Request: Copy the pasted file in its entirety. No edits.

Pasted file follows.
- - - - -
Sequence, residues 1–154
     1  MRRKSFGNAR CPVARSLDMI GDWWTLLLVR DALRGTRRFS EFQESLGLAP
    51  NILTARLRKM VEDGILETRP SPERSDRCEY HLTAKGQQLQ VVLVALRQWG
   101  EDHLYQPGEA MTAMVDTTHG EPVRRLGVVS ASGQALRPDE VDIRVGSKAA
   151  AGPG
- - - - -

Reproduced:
Sequence, residues 1–154
     1  MRRKSFGNAR CPVARSLDMI GDWWTLLLVR DALRGTRRFS EFQESLGLAP
    51  NILTARLRKM VEDGILETRP SPERSDRCEY HLTAKGQQLQ VVLVALRQWG
   101  EDHLYQPGEA MTAMVDTTHG EPVRRLGVVS ASGQALRPDE VDIRVGSKAA
   151  AGPG